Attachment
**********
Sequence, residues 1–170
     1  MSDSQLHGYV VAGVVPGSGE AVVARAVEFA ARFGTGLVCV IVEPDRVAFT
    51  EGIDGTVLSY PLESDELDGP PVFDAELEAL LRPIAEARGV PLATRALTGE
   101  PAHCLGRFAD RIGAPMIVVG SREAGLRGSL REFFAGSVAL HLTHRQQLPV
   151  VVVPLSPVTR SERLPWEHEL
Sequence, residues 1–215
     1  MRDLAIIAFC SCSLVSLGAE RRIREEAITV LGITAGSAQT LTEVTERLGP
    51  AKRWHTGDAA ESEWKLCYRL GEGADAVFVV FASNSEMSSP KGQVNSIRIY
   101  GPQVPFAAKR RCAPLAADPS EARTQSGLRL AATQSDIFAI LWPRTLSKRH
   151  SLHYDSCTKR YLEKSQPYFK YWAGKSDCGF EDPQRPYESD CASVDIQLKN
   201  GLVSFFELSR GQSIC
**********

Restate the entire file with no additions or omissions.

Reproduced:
Sequence, residues 1–170
     1  MSDSQLHGYV VAGVVPGSGE AVVARAVEFA ARFGTGLVCV IVEPDRVAFT
    51  EGIDGTVLSY PLESDELDGP PVFDAELEAL LRPIAEARGV PLATRALTGE
   101  PAHCLGRFAD RIGAPMIVVG SREAGLRGSL REFFAGSVAL HLTHRQQLPV
   151  VVVPLSPVTR SERLPWEHEL
Sequence, residues 1–215
     1  MRDLAIIAFC SCSLVSLGAE RRIREEAITV LGITAGSAQT LTEVTERLGP
    51  AKRWHTGDAA ESEWKLCYRL GEGADAVFVV FASNSEMSSP KGQVNSIRIY
   101  GPQVPFAAKR RCAPLAADPS EARTQSGLRL AATQSDIFAI LWPRTLSKRH
   151  SLHYDSCTKR YLEKSQPYFK YWAGKSDCGF EDPQRPYESD CASVDIQLKN
   201  GLVSFFELSR GQSIC